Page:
Starting 30 minutes prior to closest approach to Europa, the Fields and Particles instruments begin recording high resolution measurements of the plasma, dust, and electric and magnetic fields surrounding Europa. The Fields and Particles instruments are comprised of the Dust Detector, Energetic Particle Detector, Heavy Ion Counter, Magnetometer, Plasma Detector, and Plasma Wave instrument. The recording lasts a total of 60 minutes and its primary purpose is to determine if Europa has an induced magnetic field. Such a field signature would indicate the presence of a conducting layer inside Europa, another piece of circumstantial evidence that liquid water is present beneath Europa's surface.

Shortly following the Europa flyby, the spacecraft's Solid-State Imaging camera (SSI) snaps a series of images of Europa. The images are designed to help fulfill three different objectives. The first is to validate some models that have been developed to explain the formation of sharp edge ridges on Europa. The second is to look at the ejecta surrounding a multi-ring impact feature named Callanish in hopes of determining if the impact penetrated into Europa's suspected sub-surface ocean. The third objective is to look at some blotchy-looking, or mottled, terrain in hopes of seeing evidence of ice flows.

Toward the end of Monday, SSI turns its attention to three of Jupiter's smaller moons. SSI snaps an image of each of Amalthea, Thebe, and Metis. These images will provide the best resolution views of these moons, almost a factor of 2 better than the best previous images in the case of Amalthea and Metis. This increased resolution should aid scientists significantly in evaluating the shape and surface conditions of these smaller moons. Two more observations are performed on Tuesday, January 4. These take a look at Io. The first is performed by the Near-Infrared Mapping Spectrometer (NIMS) and captures a near-global observation of the hemisphere of Io that contains the volcanic region of Loki. SSI also snaps a color series of images of this hemisphere.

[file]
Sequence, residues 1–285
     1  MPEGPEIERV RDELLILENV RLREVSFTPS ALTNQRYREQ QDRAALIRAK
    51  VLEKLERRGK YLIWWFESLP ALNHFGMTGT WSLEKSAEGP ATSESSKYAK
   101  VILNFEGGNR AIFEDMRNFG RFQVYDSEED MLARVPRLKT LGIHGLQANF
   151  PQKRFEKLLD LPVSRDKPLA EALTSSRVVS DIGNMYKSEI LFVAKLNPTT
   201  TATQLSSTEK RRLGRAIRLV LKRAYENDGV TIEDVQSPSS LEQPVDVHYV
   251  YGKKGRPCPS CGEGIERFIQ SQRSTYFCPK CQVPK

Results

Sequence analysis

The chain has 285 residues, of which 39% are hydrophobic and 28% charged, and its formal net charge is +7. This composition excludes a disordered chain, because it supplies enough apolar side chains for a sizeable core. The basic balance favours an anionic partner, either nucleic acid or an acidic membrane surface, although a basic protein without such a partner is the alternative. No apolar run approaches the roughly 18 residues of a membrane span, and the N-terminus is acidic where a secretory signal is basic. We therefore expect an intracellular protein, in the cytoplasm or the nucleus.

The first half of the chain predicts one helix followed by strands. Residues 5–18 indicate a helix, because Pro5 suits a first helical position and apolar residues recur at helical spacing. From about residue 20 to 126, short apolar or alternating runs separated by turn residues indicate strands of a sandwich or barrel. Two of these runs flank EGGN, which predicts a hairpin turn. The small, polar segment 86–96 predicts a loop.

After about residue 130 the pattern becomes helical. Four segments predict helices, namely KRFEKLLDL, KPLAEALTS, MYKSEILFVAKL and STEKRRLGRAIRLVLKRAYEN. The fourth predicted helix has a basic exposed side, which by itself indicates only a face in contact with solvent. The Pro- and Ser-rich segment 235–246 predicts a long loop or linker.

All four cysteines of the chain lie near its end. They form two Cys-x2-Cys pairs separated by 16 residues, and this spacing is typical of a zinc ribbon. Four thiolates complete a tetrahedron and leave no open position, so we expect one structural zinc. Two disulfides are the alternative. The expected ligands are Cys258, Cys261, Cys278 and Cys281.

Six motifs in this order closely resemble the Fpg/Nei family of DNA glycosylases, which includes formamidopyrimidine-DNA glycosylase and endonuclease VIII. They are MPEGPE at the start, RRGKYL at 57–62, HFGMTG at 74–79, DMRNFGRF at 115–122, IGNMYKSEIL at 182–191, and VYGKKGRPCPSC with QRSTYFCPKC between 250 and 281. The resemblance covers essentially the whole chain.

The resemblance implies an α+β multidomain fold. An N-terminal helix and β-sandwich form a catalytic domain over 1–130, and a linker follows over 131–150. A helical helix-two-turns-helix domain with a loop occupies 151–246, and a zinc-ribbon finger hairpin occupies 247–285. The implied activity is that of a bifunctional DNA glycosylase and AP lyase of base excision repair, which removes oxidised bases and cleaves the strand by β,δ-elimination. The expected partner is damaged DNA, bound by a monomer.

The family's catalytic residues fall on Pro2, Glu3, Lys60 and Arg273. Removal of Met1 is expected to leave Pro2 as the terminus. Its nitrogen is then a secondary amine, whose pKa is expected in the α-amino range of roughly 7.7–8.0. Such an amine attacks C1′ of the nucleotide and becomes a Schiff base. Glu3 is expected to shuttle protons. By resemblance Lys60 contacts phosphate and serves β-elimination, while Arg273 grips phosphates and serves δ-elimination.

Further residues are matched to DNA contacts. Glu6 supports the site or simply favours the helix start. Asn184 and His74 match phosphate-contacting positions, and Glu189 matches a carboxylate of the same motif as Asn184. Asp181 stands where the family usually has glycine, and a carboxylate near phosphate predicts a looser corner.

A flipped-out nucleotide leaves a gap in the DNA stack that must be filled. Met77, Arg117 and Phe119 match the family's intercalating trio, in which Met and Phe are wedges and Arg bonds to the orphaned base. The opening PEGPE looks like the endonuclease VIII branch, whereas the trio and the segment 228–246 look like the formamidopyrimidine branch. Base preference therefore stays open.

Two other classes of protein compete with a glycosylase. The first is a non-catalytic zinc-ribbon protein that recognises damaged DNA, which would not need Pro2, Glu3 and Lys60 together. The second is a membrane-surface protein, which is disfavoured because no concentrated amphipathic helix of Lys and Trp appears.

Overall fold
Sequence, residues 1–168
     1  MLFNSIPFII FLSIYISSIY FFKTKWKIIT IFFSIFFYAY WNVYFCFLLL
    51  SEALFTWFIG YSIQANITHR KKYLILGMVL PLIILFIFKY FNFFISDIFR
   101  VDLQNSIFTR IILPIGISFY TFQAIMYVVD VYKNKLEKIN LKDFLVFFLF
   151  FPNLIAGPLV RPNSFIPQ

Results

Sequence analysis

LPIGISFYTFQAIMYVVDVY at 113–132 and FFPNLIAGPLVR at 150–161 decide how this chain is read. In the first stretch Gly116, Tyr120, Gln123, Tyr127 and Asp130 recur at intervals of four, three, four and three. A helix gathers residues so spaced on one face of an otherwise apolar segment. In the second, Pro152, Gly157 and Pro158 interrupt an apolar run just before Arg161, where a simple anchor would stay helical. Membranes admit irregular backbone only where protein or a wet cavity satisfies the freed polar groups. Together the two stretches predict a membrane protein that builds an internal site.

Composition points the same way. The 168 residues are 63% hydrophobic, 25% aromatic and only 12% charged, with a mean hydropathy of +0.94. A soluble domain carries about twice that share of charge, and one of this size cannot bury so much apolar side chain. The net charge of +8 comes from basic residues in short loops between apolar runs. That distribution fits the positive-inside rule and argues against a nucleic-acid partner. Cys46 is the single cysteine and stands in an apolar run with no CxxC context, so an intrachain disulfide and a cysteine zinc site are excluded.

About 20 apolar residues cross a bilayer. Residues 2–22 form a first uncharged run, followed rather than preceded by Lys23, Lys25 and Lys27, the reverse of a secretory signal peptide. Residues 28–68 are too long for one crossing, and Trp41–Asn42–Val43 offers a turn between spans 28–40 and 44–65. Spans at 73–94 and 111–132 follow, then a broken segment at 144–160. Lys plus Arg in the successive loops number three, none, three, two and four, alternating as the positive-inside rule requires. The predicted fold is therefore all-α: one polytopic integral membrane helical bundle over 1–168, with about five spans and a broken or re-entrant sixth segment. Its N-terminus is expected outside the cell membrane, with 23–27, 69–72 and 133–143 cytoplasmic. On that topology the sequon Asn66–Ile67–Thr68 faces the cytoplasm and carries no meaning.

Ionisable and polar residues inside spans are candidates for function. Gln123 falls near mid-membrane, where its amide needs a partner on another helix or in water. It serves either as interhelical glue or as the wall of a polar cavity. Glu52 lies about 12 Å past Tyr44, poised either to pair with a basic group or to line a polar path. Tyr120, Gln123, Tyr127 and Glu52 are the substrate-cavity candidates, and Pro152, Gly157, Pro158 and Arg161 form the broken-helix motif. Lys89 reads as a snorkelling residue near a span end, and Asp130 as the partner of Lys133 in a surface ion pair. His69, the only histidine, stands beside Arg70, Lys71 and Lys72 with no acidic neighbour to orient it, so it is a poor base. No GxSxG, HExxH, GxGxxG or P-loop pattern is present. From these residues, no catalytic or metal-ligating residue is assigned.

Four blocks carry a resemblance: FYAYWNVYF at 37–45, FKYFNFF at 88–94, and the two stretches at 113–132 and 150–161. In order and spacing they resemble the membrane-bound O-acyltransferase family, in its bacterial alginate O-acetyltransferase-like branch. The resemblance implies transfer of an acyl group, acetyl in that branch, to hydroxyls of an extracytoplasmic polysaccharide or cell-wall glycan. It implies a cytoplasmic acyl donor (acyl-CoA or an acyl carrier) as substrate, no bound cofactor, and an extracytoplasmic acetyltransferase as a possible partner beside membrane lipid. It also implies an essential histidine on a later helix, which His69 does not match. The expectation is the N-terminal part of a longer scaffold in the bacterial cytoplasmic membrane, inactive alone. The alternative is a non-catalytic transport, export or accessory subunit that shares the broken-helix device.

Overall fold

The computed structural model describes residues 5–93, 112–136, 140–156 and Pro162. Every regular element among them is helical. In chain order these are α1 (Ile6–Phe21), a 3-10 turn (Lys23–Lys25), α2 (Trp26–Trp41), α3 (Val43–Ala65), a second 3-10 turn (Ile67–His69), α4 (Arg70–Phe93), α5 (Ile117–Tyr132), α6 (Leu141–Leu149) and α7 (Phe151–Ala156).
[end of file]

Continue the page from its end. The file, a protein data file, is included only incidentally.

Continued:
Outbound from Jupiter, the Extreme Ultraviolet Spectrometer (EUV) makes the final observation of the encounter. Scheduled to last just short of 44 hours starting on Wednesday, January 5, the observation is performed in near-realtime, which means that the EUV data is not stored on the spacecraft's tape recorder, but rather it is directly transmitted to Earth after processing and packaging. The observation takes a look at the Io torus, a doughnut-shaped region with its inner edge bounded by Io's orbit. It is a region of intense plasma and radiation activity, in which there are strong magnetic and electric fields. Similar observations have been performed during Galileo's previous encounters, and the data set will allow scientists to examine long term variations in the torus' size and shape, with the goal of understanding energy transfer between the torus and the overall Jovian magnetosphere.

The return of data stored on the spacecraft's onboard tape recorder is initiated on Wednesday, January 5. The data played back this week were acquired during Galileo's November flyby of Io. The Fields and Particles instruments return portions of a 3-hour high resolution recording of the Io plasma torus. The recording gathered data from 6 Jupiter radii (429,000 kilometers or 267,000 miles) above Jupiter's cloud tops down to an altitude of 5 Jupiter radii (357,000 kilometers or 222,000 miles), making it the third deepest torus recording of Galileo's entire mission to date. The data acquired during the recording will be used to understand the structure and dynamics of plasma, dust, and electric and magnetic fields in the torus region. The data will also be important for understanding the overall dynamics of the Jovian magnetosphere.

Data playback is interrupted twice this week. On Wednesday, the spacecraft performs a standard test on its attitude control gyroscopes, and a test to slew its scan platform. On Friday, the spacecraft performs a flight path adjustment, if necessary.

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Last updated 10/01/01.